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Open: 02/12/09- Close: 03/07/09 Universal Robots
Reviewed for By: Byrne Harrison

Living in a time and place where so much of the popular entertainment is geared toward the lowest common denominator, it is an absolute joy to discover a writer who is creating epic and challenging works of art. Mac Rogers has done exactly that with his surprising Universal Robots, currently being performed at Manhattan Theatre Source.

Using the life of Karel Capek and his 1921 play R.U.R. as a jumping off points, Rogers imagines an alternate history of mankind, beginning just after The Great War. In the newly formed Republic of Czechoslovakia, playwright Karel Capek (David Ian Lee) and his sister, Jo (Jennifer Gordon Thomas), have just completed a play called "The Drudges," a piece of science fiction in which a pill allows the creation of a subclass of humans with no creativity or drive, who exists solely to support a creative class of artists and thinkers. As tends to happen when mankind tries to create utopia, things go tragically awry.

Toasting the success of their play, the siblings are met by Helena (Esther Barlow), the daughter of a prominent scientist, Rossum (Nancy Sirianni). Rossum's invention of an automaton, human in form, but without self-awareness or thought, promises to make the dream of "The Drudges" come true - the ability of mankind to free itself from the drudgery of work - without the nightmarish creation of a race of sub-humans. These automatons, later called Robots, will simply be tools, like a hammer or a car, capable of doing the work no one wants to do, freeing humanity for loftier pursuits.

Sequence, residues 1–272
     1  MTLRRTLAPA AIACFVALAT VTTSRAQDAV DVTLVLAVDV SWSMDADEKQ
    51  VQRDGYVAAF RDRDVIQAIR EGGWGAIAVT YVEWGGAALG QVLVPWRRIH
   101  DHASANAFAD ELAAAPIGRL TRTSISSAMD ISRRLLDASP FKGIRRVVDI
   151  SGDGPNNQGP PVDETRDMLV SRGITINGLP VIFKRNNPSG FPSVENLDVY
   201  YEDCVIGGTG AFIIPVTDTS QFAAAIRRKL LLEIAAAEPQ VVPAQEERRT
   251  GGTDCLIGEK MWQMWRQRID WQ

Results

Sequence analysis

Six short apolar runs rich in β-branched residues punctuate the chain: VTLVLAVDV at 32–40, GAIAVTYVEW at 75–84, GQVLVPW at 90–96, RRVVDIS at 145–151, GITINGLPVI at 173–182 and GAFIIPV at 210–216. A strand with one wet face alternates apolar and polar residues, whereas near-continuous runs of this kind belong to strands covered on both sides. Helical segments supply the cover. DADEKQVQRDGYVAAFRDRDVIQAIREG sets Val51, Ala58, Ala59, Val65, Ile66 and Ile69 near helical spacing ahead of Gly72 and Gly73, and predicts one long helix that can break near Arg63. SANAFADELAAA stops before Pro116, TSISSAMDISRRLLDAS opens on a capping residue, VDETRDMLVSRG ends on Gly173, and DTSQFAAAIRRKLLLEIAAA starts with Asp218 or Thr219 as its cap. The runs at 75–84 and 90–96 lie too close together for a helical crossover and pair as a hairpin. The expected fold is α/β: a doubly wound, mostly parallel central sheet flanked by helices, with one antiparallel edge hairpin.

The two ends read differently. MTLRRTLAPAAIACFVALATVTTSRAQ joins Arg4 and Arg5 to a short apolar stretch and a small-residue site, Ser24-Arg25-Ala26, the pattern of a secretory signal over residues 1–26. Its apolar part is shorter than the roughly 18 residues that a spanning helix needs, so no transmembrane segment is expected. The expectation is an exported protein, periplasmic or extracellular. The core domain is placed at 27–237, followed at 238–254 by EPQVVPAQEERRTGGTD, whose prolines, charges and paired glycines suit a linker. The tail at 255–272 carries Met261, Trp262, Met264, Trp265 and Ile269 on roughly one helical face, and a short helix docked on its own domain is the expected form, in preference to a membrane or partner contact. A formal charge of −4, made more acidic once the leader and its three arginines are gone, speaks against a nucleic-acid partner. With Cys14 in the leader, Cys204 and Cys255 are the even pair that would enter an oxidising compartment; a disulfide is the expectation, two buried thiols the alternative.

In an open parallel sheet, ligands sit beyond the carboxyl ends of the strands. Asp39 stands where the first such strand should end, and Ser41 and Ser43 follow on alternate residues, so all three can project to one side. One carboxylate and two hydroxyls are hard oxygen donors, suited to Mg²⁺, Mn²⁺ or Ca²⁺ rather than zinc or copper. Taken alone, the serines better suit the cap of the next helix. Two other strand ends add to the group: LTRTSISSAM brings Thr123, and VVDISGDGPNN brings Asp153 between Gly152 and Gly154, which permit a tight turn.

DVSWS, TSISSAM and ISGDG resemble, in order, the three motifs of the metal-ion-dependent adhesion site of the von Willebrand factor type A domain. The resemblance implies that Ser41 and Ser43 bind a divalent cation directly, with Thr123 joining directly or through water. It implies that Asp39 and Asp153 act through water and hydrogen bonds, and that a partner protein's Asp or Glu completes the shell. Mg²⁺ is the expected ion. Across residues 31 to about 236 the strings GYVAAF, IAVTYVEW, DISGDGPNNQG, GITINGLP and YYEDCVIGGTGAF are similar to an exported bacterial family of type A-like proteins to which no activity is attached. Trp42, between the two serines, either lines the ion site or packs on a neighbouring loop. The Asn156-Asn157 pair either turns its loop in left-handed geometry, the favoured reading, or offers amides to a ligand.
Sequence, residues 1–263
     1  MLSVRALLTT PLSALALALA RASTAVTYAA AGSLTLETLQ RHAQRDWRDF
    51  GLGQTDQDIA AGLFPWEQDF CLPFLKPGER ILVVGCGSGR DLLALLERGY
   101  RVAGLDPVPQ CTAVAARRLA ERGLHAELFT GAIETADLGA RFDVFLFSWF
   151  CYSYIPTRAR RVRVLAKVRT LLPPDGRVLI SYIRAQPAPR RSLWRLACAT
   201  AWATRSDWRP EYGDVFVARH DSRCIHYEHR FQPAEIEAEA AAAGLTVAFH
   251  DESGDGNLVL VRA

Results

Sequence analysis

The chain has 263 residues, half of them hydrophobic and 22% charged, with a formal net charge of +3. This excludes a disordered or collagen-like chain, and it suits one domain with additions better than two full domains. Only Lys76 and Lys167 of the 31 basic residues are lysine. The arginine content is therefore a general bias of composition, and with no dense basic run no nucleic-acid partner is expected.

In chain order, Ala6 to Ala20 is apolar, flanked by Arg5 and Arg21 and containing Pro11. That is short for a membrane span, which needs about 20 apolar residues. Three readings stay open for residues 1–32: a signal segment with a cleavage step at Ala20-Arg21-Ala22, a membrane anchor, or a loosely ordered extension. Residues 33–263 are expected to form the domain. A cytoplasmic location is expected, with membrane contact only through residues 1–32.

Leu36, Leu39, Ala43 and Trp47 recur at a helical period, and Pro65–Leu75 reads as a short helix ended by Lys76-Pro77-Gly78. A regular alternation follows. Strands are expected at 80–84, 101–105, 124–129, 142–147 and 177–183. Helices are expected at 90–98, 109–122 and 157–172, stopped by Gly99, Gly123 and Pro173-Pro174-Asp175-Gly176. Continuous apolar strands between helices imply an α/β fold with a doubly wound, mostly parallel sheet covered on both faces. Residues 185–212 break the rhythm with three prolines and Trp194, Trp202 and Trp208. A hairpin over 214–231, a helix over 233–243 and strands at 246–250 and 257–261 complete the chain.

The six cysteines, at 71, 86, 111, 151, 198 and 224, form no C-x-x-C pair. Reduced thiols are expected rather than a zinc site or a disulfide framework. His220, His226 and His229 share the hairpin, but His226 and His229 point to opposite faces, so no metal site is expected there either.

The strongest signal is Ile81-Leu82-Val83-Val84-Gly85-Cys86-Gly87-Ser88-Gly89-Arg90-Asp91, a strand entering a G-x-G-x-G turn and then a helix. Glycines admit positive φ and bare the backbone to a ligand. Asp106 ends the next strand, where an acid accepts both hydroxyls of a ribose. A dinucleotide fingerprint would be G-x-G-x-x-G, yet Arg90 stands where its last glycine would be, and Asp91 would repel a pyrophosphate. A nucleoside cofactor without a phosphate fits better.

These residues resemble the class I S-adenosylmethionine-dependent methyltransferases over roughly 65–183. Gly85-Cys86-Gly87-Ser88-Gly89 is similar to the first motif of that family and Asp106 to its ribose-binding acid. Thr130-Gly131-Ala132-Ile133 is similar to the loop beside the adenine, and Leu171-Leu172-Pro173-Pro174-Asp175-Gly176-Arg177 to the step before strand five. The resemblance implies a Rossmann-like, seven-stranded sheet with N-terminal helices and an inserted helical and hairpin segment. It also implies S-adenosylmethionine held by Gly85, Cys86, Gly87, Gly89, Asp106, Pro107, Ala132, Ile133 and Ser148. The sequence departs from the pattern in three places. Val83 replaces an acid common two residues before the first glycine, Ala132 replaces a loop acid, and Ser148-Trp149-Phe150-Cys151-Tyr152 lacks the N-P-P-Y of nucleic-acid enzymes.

Funny how that never seems to work out exactly as expected.

Rossum's robots prove to be remarkably adaptable, and learn at a rate far beyond their creators. Soon they are nearly indistinguishable from humans, even to the point of being able to feel pain. When Hilter threatens the fledgling Republic with a force the Czechoslovakians can never hope to match, the Americans suggest the unthinkable - override the prime directive that keeps the robots from being able to hurt humans. Their first taste of bloodshed and death leads the robots, and of course the humans, down an inevitable path. Rogers surprises, however, with a sublime ending that makes the audience question what it means to be human.

An outstanding performance is given by Jennifer Gordon Thomas.  Rogers has created an amazing character in Jo, and Thomas exceptionally realizes her.  Jason Howard does an amazing job as Radosh, the waiter Jo falls in love with, and Radius, the first robot.  David Ian Lee is excellent as the idealistic Capek and Nancy Sirianni gives a wonderful performance as the mad scientist Rossum. While not all of the cast performs on the same level, the overall production is strong.

Director Rosemary Andress makes good use of the tiny playing space at Manhattan Theatre Source. The intimacy of the space helps pull the audience into the story, which is part of both Andress' and Rogers' intent, and makes for a much more satisfying conclusion to the play.

Universal Robots is one of the strongest, most exciting plays I've seen in years. This one is not to be missed.

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Manhattan Theatre Source : 177 MacDougal Street